Recently, while talking to around 150 probationers at National Police Academy in Hyderabad, several interesting issues emerged in the context of rising expectations of society and declining autonomy of police forces. It seems that all of us want police to keep villages and city safe, but we don`t want to go deep into the issues that still affect this force governed by colonial laws and rules. All political parties will mention this is in their manifestos but when it comes to giving autonomy to the force and ensure meritocracy in posting and promotions, they will start cribbing, and sometimes cringing. If despite that, so many officers and policemen are able to rise to the occasion, credit must go to the professional ethics and social commitment of the concerned policemen and women.
There is general indifference towards outstanding contributions of people in the police force. I began by asking the question: Is pursuit of excellence and social responsibility an ethical imperative? Do we not commit great injustice to ourselves by expecting less from ourselves? How do we resolve the paradox of increasing political assertiveness in running of the department and reduced willingness of police force, particularly lower wings (but not just them) to stand up for their professional integrity, values and principles. Similar equanimity during communal tensions is also an issue that bothers several purveyors of existing dilemma before upright officers. Respecting the rights of dalits and the other disadvantaged people cannot be left to the ability or inability of an officer to stand up for justice. It is the constitutional obligation of everybody in the force.
I noticed that a very large majority of probationers would like to stand up for what they believe in and yet will they be able to keep this promise to themselves? I hope that they do.
Subhash Goswami, director, NPA, shared a very interesting example of 100% registration of FIRs in what is called as Jalpaiguri experiment by Tirupurari. In this model, registration of all FIRs was made compulsory. The hesitation of police to do so was overcome by putting a number below the maximum investigations they could do. If they could do only eight, target of investigation was kept as five. It was made clear that unnecessary arrests will not be made for minor crimes. The accused can go to the court and get bail. The police thana should not have people under detention without a few steps of serious investigation. It was realized that rather than using excessive force, due implementation of laws was more effective.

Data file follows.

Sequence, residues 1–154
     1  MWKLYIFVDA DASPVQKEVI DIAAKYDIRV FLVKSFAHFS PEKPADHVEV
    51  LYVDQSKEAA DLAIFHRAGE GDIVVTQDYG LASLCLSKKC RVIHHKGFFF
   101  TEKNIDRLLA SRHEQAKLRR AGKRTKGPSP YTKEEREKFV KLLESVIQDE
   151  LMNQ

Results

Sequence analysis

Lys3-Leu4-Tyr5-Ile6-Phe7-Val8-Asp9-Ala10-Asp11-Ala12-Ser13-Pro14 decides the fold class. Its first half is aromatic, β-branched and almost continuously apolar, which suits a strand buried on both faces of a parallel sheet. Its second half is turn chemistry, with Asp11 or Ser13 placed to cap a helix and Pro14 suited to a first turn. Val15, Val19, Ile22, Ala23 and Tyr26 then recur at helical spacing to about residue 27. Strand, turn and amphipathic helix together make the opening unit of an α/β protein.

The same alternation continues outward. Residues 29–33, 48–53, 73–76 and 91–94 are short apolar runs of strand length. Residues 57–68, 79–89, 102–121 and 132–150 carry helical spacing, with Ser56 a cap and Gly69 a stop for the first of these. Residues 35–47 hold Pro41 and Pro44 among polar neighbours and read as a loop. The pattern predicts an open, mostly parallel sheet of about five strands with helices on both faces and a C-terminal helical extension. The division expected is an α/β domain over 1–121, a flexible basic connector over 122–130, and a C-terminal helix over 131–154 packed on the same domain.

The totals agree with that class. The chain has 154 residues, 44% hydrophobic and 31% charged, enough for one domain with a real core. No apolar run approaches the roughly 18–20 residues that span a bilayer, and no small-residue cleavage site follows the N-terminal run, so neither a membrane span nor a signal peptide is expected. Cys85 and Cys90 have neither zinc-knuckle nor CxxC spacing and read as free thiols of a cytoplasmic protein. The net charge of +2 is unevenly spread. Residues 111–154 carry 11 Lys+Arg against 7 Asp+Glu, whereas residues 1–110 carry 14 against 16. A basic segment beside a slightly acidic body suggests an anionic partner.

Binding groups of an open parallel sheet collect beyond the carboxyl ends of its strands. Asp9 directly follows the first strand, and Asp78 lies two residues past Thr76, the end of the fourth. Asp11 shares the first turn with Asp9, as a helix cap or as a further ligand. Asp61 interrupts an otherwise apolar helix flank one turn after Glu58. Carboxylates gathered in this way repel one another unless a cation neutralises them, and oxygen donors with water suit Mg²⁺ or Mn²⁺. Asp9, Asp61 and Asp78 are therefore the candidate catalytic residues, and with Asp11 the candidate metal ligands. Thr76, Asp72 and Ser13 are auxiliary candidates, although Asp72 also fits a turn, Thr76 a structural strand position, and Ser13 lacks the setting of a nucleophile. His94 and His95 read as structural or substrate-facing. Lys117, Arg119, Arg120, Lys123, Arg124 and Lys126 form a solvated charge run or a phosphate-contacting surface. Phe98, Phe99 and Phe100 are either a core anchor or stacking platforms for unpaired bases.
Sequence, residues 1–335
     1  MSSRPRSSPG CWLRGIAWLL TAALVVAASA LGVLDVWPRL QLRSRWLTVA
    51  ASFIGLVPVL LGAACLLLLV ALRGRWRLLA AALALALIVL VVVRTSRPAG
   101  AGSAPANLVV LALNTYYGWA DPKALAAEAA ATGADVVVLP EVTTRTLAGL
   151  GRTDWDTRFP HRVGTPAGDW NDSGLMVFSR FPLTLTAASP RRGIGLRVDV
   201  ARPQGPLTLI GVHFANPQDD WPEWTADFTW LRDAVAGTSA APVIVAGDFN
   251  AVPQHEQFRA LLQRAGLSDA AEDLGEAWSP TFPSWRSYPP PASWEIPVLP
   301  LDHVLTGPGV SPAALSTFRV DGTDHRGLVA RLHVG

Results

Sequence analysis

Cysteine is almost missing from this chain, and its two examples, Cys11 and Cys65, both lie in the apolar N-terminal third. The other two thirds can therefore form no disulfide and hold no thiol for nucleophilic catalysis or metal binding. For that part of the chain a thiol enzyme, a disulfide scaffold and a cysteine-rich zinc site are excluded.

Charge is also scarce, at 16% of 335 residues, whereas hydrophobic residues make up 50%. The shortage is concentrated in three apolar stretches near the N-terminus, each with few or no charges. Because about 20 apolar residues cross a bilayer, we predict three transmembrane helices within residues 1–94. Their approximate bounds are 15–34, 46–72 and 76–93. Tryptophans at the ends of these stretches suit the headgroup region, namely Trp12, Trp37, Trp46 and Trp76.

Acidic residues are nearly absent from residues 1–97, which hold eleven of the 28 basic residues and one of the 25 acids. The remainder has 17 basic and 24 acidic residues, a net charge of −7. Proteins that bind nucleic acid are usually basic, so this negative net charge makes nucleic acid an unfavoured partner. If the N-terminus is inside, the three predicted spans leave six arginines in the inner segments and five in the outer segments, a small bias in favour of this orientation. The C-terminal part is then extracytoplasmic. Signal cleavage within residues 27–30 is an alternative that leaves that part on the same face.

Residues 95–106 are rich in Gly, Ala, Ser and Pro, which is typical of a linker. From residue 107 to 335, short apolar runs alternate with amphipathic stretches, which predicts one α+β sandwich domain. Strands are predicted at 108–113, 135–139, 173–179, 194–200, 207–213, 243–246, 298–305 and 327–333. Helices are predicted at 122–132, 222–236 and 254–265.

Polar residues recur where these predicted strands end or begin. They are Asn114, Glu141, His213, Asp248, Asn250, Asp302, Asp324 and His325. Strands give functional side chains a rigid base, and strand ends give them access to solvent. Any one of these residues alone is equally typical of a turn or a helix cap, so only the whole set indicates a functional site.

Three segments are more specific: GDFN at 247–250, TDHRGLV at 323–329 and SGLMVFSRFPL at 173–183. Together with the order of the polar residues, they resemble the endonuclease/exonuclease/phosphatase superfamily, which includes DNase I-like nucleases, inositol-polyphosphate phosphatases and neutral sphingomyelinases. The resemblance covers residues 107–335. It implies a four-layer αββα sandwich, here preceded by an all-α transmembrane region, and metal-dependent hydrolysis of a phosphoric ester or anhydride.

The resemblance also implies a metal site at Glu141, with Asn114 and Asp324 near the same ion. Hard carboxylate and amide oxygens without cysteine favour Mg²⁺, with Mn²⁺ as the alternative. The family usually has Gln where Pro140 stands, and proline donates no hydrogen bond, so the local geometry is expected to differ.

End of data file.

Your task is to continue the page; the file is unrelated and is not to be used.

While number of cases registered went up massively, attention was focused on serious crime which earlier got less attention because of trivia taking over the time and attention. Ethical code of conduct for fair and just policing may be needed. This code will imply lesser load of work by better management of complaints and greater transparency. Unwanted arrests were curtailed considerably in this model and the law was enforced strictly. Subsequently, more people started surrendering. In many cases, confession of crime where the punishment was lesser became a norm.
The ethical path is not only more efficient but also grants more autonomy and agency on the staff. It does not incentivize politicians to interfere unnecessarily. I wish the National Police Academy develops a database of various innovations, small or big, tried in different parts by police officers and staff. Politicians will also learn to respect their boundaries once they know that people are more satisfied when police are allowed to work honestly and without cutting corners.
Re-formatting of the mindset of police force will follow if we start recognizing positive steps and initiatives and give fewer opportunities to forces which benefit from the current norms of inefficiency and corruption. Like in any other system, police force is not devoid of efficient officers and staff but we know much less about their efforts and thus enough social motivation is lacking. It is time to bring about not only police reforms but also mindset reforms.
The writer is a professor at IIMA
(The story was first published on July 29, 2013 in DNA newspaper)